The spread of Islamic State in Iraq and Syria (Isis) across northern Iraq in 2014 had a galvanising effect on the country’s political factions, providing a common enemy for the establishment to unite against.

The Islamist insurgents inadvertently triggered the downfall of Prime Minister Nouri al-Maliki – much maligned for his pro-Shia sectarian policies – allowed the formation of a more inclusive national government and appeared to reduce diplomatic tensions between Baghdad and the Kurdistan Regional Government (KRG).

Iraq and its northern Kurdish enclave signed an agreement in November that in theory should have normalised relations, allowing the KRG to export oil under the Iraqi government umbrella in exchange for its share of the national budget.

But in reality, the likelihood of either party keeping its side of the bargain looks slim, and the issue of long-term control over northern Iraq’s major oil assets goes unaddressed.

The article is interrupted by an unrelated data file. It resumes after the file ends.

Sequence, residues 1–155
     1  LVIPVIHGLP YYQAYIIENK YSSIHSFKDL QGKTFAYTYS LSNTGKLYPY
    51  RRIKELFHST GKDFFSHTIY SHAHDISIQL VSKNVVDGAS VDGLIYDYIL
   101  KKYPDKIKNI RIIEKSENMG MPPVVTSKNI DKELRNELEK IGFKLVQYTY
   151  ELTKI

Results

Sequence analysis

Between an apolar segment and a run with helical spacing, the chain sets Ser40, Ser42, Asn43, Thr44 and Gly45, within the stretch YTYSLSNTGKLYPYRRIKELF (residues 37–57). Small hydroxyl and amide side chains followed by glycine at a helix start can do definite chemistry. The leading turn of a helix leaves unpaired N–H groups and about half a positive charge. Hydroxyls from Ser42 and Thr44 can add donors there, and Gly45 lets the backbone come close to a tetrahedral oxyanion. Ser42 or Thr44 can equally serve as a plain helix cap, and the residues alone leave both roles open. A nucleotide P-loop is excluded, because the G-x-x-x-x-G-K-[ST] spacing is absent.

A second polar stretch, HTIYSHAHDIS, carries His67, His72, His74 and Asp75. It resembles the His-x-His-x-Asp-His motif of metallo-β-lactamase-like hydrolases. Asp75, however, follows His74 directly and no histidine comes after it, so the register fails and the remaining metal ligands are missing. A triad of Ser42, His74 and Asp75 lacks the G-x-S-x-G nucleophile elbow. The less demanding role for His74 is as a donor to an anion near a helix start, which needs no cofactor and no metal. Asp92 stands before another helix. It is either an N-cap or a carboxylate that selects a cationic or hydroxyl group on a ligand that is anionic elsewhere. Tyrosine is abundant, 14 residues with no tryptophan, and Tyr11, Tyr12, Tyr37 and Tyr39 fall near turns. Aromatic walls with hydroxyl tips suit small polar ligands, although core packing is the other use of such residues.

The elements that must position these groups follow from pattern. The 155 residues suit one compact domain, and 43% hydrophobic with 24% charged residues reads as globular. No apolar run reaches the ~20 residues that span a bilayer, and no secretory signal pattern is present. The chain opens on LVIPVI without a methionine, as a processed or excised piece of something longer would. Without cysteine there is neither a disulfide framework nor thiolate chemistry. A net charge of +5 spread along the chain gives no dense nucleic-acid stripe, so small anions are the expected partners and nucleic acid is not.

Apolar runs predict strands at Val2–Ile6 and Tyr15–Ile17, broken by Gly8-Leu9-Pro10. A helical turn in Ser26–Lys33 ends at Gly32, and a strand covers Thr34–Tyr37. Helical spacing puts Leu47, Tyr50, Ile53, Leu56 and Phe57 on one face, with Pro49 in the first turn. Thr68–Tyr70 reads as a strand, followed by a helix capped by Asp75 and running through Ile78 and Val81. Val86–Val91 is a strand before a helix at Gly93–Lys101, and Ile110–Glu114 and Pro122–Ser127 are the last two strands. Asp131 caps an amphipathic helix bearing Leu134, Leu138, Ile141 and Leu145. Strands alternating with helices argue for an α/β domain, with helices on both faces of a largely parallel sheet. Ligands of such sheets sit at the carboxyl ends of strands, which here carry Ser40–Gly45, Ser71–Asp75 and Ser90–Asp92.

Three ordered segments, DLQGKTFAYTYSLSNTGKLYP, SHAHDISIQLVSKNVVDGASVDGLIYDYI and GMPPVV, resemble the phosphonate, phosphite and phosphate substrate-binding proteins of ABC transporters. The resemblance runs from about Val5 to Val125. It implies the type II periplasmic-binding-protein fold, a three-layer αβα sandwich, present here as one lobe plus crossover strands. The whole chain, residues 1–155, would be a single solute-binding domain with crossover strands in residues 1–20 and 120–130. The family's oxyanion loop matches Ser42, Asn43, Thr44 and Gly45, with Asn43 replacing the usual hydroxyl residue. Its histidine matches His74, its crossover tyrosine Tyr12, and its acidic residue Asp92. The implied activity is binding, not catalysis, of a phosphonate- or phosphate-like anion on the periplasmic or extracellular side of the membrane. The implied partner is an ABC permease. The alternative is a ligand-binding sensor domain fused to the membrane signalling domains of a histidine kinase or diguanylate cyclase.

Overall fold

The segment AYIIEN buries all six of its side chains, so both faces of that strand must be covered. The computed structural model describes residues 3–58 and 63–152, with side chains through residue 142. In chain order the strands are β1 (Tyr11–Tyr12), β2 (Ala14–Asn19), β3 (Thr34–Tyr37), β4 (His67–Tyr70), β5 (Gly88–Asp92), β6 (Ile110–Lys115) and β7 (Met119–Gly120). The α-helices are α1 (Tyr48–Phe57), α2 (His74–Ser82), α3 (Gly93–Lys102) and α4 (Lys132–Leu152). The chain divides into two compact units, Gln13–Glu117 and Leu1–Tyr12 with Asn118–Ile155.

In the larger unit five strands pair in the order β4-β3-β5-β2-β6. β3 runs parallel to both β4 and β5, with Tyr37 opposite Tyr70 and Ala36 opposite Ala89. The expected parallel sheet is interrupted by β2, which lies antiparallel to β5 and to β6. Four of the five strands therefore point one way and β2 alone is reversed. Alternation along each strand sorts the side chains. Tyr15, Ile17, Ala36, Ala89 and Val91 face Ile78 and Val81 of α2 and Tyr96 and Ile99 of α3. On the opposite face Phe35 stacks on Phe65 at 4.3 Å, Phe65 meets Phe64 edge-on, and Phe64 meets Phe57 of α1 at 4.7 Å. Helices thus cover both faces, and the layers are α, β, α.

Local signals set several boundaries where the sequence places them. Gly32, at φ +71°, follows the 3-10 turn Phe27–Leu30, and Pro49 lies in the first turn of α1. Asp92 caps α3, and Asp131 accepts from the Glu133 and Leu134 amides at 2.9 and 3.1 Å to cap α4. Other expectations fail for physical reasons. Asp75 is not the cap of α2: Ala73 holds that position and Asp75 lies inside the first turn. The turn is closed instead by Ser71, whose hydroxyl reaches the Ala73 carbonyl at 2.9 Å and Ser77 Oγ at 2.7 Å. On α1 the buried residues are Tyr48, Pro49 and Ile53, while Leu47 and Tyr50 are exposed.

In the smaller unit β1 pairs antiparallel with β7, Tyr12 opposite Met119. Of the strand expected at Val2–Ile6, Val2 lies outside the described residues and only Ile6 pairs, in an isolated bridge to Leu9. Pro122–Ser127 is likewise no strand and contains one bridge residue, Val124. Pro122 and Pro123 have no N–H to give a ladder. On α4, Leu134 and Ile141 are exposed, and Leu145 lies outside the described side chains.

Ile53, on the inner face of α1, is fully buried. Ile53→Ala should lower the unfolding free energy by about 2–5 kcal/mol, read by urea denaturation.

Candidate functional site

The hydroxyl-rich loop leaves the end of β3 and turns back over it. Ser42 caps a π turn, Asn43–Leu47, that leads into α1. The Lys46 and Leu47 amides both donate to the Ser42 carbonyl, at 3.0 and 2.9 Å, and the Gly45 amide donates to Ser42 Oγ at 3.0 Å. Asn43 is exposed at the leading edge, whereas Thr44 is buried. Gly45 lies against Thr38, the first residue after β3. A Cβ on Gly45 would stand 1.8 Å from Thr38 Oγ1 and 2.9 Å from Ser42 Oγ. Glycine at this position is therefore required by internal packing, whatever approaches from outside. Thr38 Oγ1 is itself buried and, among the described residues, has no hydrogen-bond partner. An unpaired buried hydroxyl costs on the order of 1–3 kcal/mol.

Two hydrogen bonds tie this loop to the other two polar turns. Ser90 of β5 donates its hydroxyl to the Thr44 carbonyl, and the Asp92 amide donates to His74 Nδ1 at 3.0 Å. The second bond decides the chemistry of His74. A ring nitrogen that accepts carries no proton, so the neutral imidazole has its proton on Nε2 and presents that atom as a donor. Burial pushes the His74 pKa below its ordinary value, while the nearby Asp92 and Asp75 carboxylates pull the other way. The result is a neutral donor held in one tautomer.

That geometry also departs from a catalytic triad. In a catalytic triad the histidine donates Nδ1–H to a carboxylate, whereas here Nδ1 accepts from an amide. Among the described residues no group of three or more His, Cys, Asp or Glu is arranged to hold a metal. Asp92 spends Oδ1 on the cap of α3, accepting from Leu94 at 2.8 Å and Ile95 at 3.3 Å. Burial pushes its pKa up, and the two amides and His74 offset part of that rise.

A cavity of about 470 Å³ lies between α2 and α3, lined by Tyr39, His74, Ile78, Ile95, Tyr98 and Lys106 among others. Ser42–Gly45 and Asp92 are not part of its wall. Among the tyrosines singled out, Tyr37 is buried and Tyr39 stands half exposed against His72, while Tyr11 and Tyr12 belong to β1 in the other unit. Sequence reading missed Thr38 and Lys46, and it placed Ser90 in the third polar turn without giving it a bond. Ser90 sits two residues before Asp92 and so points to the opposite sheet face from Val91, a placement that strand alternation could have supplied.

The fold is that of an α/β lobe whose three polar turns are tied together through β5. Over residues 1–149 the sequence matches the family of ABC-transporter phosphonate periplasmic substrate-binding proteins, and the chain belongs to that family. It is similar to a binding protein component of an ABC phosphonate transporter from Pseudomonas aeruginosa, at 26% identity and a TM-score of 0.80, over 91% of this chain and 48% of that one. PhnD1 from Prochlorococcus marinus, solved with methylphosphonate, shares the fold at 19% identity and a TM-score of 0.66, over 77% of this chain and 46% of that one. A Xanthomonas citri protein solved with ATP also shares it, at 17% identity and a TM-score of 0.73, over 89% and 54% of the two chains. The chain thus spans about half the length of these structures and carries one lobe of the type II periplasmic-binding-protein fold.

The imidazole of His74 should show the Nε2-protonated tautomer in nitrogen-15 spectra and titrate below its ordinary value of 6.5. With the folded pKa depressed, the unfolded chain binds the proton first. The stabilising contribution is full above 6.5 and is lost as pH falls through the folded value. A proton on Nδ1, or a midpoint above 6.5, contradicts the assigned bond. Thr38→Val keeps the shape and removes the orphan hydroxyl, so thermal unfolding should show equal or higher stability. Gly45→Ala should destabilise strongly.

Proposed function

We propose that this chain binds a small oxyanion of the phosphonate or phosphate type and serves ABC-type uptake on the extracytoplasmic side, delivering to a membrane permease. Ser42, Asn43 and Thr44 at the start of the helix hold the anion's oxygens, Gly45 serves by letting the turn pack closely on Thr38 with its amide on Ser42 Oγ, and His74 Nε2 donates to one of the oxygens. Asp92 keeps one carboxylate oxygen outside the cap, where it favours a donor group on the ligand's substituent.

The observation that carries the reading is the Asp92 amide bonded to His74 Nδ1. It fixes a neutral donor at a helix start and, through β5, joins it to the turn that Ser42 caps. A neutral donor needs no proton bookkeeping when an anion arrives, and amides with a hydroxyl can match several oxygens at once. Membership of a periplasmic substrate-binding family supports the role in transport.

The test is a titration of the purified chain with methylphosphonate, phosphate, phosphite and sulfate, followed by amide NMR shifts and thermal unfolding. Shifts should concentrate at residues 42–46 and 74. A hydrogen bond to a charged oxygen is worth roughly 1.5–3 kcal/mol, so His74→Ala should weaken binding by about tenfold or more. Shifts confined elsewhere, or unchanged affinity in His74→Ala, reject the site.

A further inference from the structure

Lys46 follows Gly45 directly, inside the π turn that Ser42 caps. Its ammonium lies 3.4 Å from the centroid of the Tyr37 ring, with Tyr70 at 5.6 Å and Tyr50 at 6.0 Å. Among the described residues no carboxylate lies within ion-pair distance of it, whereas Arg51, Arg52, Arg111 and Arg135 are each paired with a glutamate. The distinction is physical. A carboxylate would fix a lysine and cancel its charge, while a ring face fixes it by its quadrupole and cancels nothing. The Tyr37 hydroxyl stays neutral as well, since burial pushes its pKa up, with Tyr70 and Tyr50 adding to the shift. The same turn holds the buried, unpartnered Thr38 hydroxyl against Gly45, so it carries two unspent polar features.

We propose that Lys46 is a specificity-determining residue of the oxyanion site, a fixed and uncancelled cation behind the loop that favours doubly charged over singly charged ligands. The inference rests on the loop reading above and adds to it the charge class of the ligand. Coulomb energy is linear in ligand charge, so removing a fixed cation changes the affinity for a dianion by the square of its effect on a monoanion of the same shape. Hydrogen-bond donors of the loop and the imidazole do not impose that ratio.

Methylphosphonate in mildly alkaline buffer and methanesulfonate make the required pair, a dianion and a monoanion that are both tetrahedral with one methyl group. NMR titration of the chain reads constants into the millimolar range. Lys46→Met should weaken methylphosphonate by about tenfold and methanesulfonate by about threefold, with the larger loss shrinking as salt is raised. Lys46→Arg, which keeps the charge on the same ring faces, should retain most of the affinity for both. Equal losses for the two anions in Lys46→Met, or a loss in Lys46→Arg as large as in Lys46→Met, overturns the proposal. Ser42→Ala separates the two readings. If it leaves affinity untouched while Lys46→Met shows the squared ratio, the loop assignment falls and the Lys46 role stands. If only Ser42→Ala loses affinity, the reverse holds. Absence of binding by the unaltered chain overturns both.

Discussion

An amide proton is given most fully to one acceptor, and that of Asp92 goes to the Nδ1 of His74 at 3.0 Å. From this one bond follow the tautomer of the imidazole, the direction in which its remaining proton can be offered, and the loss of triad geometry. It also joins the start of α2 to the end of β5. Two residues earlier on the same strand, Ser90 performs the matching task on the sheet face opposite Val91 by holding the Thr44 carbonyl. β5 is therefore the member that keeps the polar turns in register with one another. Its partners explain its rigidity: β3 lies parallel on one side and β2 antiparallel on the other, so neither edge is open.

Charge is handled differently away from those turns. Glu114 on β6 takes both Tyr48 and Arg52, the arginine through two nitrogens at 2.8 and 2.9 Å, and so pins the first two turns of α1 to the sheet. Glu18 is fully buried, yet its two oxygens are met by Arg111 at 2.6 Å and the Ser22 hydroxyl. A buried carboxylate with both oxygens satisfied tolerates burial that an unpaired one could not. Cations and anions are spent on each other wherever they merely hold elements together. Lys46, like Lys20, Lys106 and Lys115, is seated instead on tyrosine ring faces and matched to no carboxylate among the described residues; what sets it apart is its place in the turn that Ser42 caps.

Critics of the Baghdad-Erbil oil agreement say the deal is merely papering over the cracks in a time of crisis. Iraqi Prime Minister Haider al-Abadi has no intention of letting the Kurds control the oil fields around Kirkuk in the long term, but has lost control of the area and must bargain with those in power.

If the influence of Isis diminishes in northern Iraq – which could happen after Al-Abadi’s planned ground assault on Mosul in the coming months – old tensions between Baghdad and Erbil are likely to flare up.

KRG President Massoud Barzani feels the presence of his Peshmerga soldiers in Kirkuk is legitimate, as the disputed province was abandoned by Iraqi forces facing the threat of Isis in the summer of 2014.

Barzani has made a series of hawkish statements reported in the Kurdish media implying that he intends to hang on to these areas, with or without the presence of Isis.

While the spread of Isis has forced the country’s sectarian power bases to work together, it has also provided a smokescreen for the Kurds and other players to achieve goals not feasible during peacetime.

Baghdad and Erbil may be united in defeating the Islamist threat, but their respective visions of a post-Isis Iraq cannot be easily reconciled.

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